Ingrown hairs are a relatively common problem that both men and women suffer with. It is often associated with shaving, but there are other causes. And while it may be uncomfortable and look unpleasant, it isn’t a sign of a more serious condition. There are various ways to deal with ingrown hairs and to reduce the chance of them reoccurring. In our guide to ingrown hairs, we will look at the most popular causes and treatments of this awkward condition.
What is an ingrown hair?
An ingrown hair is a hair that has started to grow from its follicle as normal but for one reason or another, has turned back on itself and grown into the skin rather than through it. The result is a small, raised bump or lump on the skin that often becomes red and inflamed. This redness is usually a sign that there is an infection within the follicle caused by the ingrown hair and can often be itchy.
Ingrown hairs can look unsightly and are most common in areas where the hair is thicker such as on the face for men and under the arms, on the legs or around the bikini line for women. These thicker hairs coincide with the areas that we are most likely to shave and this shaving process is one of the top reasons that ingrown hairs occur.
Curly haired people are also more likely to get ingrown hairs because their hair is thicker and naturally has a curl that can lead to ingrown hairs. This also means that people of African-American and Latino background may be more prone to ingrown hairs – but anyone can get them, even with the finest, thinnest hair.
Spotting an ingrown hair
Ingrown hairs are correctly known as pseudo-folliculitis – meaning it isn’t the true version of folliculitis. It can also be mistaken for other conditions that can have a more serious effect on the skin.
Folliculitis is an inflammation of infection of the hair follicles and is more serious than an ingrown hair as it can affect anywhere on the body.
Both conditions can lead to small bumps, redness and even an infection that means there is pus filling the lumps. There are different types of folliculitis including those affecting the beard area of men and those that come after the long-term use of antibiotics. Other conditions that can look similar to ingrown hairs include eczema, heat rashes, keratosis pillars (also known as chicken skin) and impetigo.
If you are unsure whether you have ingrown hairs or one of these conditions, you should always talk to a doctor or nurse before treating the condition.
Preventing ingrown hairs
We all know prevention is better than cure so what can be done to prevent the ingrown hairs from occurring in the first place? The answer depends on the cause of the problem, but there are several strategies to put into place that will greatly reduce the chance of ingrown hairs occurring.
As shaving is the most common cause of ingrown hairs, look at how you shave. Most of us don’t think too much about how we shave, but there is a good way to do it – shave in the direction of the hair’s growth. When we shave against this, the end of the hair becomes sharpened and is more likely to become ingrown. By shaving in the direction of the hair growth, the chance of this is reduced.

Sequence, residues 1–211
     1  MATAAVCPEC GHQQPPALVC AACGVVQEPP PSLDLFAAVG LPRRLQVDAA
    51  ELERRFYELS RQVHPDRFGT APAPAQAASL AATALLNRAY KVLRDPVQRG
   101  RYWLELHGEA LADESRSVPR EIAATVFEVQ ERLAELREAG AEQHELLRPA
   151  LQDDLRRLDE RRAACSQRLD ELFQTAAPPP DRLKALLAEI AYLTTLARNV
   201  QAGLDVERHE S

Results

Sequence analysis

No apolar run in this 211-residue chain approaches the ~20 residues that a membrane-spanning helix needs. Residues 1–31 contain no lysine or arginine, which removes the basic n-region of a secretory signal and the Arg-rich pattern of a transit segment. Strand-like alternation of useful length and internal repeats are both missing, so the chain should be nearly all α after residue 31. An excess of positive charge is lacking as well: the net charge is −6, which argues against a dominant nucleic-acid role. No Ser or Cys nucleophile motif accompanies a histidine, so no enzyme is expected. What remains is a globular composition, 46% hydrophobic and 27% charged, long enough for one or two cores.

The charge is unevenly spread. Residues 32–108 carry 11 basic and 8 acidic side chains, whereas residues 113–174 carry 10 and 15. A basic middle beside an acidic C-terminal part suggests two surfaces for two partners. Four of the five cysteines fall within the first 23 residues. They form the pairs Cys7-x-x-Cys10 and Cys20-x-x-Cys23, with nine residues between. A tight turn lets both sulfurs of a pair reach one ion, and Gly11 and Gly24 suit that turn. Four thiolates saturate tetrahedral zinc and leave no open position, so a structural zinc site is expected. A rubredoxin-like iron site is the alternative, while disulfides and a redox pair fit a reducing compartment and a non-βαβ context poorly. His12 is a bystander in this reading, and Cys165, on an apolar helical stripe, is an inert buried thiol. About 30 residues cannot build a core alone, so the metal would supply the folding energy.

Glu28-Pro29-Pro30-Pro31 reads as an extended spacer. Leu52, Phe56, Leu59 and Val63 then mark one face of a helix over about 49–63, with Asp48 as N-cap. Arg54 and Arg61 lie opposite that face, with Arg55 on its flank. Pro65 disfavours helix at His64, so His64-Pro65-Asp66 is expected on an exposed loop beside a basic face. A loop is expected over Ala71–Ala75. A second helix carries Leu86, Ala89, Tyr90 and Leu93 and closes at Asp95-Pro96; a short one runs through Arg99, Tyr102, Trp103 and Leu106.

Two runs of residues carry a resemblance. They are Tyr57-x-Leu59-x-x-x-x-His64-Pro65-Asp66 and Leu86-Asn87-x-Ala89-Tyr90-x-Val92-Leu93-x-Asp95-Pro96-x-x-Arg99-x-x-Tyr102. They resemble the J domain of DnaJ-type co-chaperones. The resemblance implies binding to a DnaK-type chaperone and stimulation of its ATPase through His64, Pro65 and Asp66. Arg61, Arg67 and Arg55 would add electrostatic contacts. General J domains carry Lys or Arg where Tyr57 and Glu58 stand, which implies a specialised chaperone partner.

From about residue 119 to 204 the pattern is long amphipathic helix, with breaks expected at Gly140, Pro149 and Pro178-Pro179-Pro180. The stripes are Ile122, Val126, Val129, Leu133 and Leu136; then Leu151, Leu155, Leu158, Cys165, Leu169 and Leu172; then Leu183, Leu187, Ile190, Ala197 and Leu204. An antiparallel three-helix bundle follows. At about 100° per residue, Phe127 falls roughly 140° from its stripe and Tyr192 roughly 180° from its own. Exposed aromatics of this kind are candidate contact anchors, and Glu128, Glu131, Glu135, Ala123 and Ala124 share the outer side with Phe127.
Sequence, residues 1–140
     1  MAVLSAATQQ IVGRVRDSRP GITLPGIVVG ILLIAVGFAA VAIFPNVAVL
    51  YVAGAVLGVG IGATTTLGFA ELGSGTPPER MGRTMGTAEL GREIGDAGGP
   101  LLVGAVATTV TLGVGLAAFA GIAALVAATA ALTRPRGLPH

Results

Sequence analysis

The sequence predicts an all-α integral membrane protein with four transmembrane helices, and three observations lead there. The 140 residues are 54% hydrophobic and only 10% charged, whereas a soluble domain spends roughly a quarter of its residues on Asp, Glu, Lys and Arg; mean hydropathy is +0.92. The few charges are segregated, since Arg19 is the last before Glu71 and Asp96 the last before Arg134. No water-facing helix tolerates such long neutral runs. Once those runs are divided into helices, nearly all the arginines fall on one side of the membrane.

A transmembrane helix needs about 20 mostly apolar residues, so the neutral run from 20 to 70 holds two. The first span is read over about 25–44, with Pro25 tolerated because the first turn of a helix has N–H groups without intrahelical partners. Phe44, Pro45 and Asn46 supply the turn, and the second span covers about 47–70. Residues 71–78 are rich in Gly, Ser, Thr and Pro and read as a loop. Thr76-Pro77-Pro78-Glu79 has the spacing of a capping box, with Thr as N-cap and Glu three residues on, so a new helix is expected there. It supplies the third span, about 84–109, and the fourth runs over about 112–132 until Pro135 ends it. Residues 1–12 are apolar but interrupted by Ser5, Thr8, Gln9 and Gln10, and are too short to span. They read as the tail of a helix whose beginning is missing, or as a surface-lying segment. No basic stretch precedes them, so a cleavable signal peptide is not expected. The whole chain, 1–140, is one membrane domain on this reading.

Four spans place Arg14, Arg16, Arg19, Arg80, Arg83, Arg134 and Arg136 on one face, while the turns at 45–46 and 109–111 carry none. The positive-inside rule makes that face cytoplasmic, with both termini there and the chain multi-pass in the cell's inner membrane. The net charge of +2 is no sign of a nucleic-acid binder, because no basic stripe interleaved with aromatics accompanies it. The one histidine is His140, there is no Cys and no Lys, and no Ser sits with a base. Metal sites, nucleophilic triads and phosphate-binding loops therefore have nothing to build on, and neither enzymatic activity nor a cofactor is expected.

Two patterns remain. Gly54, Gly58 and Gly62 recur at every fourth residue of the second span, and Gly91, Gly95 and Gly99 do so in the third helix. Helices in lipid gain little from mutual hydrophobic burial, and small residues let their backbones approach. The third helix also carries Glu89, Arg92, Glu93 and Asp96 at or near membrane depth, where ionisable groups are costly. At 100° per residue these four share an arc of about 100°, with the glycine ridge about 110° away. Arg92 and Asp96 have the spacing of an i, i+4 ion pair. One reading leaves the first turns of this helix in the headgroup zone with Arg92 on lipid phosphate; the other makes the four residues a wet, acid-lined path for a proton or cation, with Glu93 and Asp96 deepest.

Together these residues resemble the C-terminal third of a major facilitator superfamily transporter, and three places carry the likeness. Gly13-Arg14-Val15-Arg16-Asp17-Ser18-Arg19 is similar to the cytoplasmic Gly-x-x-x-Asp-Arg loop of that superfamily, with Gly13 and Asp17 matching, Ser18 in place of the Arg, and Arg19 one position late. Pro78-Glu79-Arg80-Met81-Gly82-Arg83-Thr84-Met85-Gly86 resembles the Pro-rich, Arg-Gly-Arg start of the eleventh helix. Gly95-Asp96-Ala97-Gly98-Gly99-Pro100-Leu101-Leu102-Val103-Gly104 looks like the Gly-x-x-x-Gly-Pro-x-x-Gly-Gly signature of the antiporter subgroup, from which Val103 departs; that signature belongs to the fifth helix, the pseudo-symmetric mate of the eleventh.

Also, shave after a bath or shower when skin is warm – this opens up the pores and makes it easier to shave as well as giving a better result. The fewer times the razor passes over your skin, the better. Make sure the razor is as sharp as possible as this makes it easier to cut through the hairs and leave a smooth, soft end.
Another top cause of ingrown hairs is when dead skin clogs the pores and stops the hair growing out in its natural way. One of the best ways to deal with this is to use an exfoliating product before shaving. This removes the top, dead layer of skin and makes it easier to cut the hairs with the razor. Many of us use exfoliating products on our upper bodies, so simply include areas that we shave into the program.
There are also special products available that are designed to help prevent the hairs ingrowing in the first place. Many, such as Aloeclear, make use of natural ingredients such as aloe vera and peppermint.
They are applied in advance of shaving or another hair removal as well as afterwards and can have a dramatic effect on the number of hairs that become ingrown.
Dealing with ingrown hairs
Sometimes, despite all our best efforts, hairs have a mind of their own, and you end up with ingrown hairs. There are various ways to deal with ingrown hairs when they do occur.
Before dealing with an ingrown hair, it is important to deal with any possible infection to the hair follicle. Even if there is no pus, it is worth using an anti-inflammatory or antibacterial cream for a few days. A chemist can advise what would be best. This kills the infection and makes it easier to treat the cause.
Once the infection has eased, you are ready to deal with the hair. Use a warm compress to open up the pores of the skin – this is simply a warmed facecloth or towel pressed onto the area of the ingrown hair. Do this for around 5-10 minutes.
Take a pair of flat headed tweezers and gently ease out the end of the hair then pull the rest free. Be careful not to dig into the skin as this can cause further infection and even leave scars on your skin.
Ingrown hairs look unpleasant and can be quite painful, so most people try to use steps to avoid them. If you do find yourself prone to them, using preventative products or even considering waxing rather than shaving may be a good option.